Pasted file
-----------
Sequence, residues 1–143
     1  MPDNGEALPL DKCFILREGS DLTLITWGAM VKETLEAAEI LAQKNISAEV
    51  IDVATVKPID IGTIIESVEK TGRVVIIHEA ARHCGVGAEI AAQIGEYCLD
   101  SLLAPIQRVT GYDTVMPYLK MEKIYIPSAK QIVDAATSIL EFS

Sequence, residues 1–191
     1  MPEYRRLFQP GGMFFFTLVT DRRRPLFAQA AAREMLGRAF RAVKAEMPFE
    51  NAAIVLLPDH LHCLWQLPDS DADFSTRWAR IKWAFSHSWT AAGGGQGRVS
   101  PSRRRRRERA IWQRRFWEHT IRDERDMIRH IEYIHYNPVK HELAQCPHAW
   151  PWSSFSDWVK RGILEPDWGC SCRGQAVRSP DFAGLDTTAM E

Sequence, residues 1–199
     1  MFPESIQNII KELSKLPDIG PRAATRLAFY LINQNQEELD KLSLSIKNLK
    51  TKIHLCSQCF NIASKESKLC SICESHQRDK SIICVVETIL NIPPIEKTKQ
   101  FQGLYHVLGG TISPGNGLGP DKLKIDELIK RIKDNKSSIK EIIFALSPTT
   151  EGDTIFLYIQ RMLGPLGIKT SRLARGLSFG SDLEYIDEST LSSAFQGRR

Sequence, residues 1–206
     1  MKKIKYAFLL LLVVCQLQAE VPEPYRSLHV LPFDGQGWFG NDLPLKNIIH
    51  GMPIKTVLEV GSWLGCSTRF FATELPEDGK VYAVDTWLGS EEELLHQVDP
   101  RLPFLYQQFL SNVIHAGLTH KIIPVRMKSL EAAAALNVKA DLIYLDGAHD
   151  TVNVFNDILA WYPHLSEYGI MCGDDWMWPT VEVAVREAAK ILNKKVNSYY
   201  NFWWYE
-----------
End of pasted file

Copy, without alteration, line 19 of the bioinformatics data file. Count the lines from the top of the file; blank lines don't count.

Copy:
   151  TVNVFNDILA WYPHLSEYGI MCGDDWMWPT VEVAVREAAK ILNKKVNSYY